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Re: Introduce yourself here

Hi @Titch50 

Welcome to the SANE forums!   It's great to have you here.  Thanks for sharing about your situation.   I'm sure the forum members will be able to offer you support, information and connection.  I'm the moderator this afternoon.  Feel free to ask the SANE forum team or the members if you need help with how to use the forum.  The Guidelines are also a useful resource - https://saneforums.org/t5/help/faqpage#community-guidelines

 
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Hello fellow carers

Hello fellow carers. I am a long term carer in a family with five people affected by major mood disorder, at least two of whom, my brothers, have schizoaffective disorder. The worst afflicted one of them has had many severe manic episodes over a very long time...since he was 17, back in 1970. He usually has little insight when he is unwell and he has very long periods of acute symptoms. At least five times he has spent a continuous year in an acute ward. He has a lot of community support but when he is unwell he is likely to leave town and take risks hitch hiking and he frequently ends up needing to be hospitalised elsewhere which is very stressful for everyone.

His brother and mine, has deep depressions between periods of gambling and has always needed bailing out financially. He has had several hospitalisations with paranoid times but together we seem able to head admissions off these days.

 One of his children, my niece, is bipolar and now well supported on medication and able to work fulltime. Sadly, her teenage son has recently been diagnosed too.

The other sufferer is my older son who has developed bipolar symptoms after needing large doses of cortisone for brittle asthma. He is the father of three young children and has a wife from a different ethnic backgound who does not want to discuss or consider mental illness at all. He has been able to work fulltime but has been retrenched along with most other permanent staff under a new business model in his previous workplace. I have watched him losing ground recently despite his being able to be well enough to work up til now. I wonder how I can attract his psychiatrist's attention if he is unable to signal that he is less well...he seems quite remote and certainly is less competent domestically than he was. His job hunting seems sporadic and unrealistic. I help a lot with the kids to keep them as balanced as possible although my older husband who is unwell and my other resident son who is autistic make this a very tall order. My son's wife is studying fulltime and is away from home all day and a great deal of the evenings, possibly avoiding things at home as well as being very focused on her demanding degree.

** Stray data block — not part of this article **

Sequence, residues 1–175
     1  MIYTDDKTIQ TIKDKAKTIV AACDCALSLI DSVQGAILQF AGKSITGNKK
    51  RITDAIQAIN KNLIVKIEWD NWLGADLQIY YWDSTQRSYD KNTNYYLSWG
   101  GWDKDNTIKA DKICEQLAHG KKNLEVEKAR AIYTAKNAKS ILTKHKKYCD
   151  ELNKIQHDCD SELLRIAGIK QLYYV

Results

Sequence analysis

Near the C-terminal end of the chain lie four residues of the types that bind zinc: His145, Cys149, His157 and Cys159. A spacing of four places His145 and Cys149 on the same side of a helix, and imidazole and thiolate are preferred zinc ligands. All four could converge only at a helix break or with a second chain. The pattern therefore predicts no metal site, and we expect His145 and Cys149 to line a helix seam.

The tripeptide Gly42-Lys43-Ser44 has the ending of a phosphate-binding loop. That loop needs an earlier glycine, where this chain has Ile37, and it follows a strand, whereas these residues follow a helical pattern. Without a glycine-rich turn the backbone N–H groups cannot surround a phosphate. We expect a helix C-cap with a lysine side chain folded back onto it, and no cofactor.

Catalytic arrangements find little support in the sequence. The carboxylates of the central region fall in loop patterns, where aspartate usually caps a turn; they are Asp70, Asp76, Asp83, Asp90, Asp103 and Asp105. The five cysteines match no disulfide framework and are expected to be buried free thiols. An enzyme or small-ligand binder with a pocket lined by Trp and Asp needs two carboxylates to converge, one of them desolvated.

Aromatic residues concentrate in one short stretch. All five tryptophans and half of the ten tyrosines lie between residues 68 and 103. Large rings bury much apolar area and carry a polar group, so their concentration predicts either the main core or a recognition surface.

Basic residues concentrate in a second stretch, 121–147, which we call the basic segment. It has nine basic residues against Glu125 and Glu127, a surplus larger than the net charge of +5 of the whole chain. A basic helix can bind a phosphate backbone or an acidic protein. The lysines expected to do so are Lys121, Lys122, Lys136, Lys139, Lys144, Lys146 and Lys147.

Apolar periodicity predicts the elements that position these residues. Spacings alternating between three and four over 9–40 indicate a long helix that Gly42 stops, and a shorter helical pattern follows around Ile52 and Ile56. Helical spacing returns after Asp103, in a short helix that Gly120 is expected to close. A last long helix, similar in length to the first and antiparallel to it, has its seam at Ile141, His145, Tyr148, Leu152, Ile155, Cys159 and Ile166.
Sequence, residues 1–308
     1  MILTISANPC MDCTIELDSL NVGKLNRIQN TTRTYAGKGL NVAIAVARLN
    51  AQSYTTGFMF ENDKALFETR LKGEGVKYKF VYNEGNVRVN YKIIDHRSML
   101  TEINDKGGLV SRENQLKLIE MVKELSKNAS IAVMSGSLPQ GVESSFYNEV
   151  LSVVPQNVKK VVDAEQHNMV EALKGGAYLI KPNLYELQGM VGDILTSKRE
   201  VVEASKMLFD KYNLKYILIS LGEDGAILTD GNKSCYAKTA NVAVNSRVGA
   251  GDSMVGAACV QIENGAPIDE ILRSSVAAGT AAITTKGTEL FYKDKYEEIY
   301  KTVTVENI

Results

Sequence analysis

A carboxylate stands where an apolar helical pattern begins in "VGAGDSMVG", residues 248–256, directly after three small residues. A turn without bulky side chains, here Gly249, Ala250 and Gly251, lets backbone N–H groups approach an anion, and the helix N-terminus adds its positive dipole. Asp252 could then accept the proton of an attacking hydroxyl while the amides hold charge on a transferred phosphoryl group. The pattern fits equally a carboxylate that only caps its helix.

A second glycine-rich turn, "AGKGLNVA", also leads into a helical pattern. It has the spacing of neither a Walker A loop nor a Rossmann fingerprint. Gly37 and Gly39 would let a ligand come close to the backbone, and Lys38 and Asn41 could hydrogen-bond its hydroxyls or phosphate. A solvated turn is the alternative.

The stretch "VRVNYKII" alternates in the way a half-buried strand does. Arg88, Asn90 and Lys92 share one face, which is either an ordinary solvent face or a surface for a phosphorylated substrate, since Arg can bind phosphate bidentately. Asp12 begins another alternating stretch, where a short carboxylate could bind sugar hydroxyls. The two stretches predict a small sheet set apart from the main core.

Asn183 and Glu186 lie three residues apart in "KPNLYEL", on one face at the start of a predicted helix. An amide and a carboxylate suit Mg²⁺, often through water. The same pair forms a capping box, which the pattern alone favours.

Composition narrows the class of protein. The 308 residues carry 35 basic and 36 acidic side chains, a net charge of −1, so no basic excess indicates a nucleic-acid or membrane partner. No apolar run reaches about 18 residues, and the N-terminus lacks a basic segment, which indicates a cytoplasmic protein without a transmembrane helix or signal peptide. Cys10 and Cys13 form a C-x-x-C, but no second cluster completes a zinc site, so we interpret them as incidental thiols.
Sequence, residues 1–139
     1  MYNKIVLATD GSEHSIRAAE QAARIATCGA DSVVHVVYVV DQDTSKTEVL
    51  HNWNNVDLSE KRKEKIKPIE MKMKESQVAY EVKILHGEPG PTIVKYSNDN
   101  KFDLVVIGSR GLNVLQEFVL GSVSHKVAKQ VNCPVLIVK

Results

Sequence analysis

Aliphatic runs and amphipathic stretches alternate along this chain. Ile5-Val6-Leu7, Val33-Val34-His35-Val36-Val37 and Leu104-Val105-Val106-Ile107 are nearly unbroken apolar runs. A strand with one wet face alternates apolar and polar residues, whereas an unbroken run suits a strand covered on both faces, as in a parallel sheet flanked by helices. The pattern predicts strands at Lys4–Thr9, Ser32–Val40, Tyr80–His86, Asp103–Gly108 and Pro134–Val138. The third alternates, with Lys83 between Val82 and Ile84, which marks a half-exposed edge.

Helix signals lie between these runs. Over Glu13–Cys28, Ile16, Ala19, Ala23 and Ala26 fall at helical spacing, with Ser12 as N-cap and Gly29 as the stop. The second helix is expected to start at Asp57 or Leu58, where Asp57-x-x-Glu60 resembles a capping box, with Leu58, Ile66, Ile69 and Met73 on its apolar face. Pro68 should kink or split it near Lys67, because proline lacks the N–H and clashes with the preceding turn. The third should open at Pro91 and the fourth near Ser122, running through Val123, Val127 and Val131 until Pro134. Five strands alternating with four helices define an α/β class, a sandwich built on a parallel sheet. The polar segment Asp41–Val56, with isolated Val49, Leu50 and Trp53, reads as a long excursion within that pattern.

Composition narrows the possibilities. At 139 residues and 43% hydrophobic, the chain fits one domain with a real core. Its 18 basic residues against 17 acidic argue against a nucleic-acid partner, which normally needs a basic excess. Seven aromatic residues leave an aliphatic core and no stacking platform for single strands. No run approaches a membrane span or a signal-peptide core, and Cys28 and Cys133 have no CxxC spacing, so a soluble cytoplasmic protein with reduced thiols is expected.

I admit that I am feeling a sense of dismay about how long I can manage to offer support. I have been the one constant person who has not allowed mental health services to reject my sickest brother despite his very challenging behaviours and his frequent rejection of my efforts. I do not invite him home as he has had horrible delusions about me on occasions and he terrifies my autistic son. I liaise with the psychiatrist for my other brother before he gets too ill...he has several acute episodes each year and if he gets a bit high, he thinks he does not need his meds anymore or spends the money on something else like the horses! My niece feels misunderstood by her mother who long ago divorced my brother and wants no further involvement with mental illness, so I always listen and get her to see her psychiatrist when she is less well. She also needs to talk about her son and how he is going since his acute episode a few months ago. My son acknowledges his illness and has a very good psychologist as well as a psychiatrist who knows the family members who are afflicted and treats all but he sickest who he knows from his time working in the acute ward...like many private practitioners, he can and does chose to avoid those with poor insight! My interest is in how some intervention, maybe by geneticists, might be able to turn this horrible gene off before any more of our relatives have this terrible blight.  I think documenting family stories might also help researchers develop other effective interventions. So there you have it!

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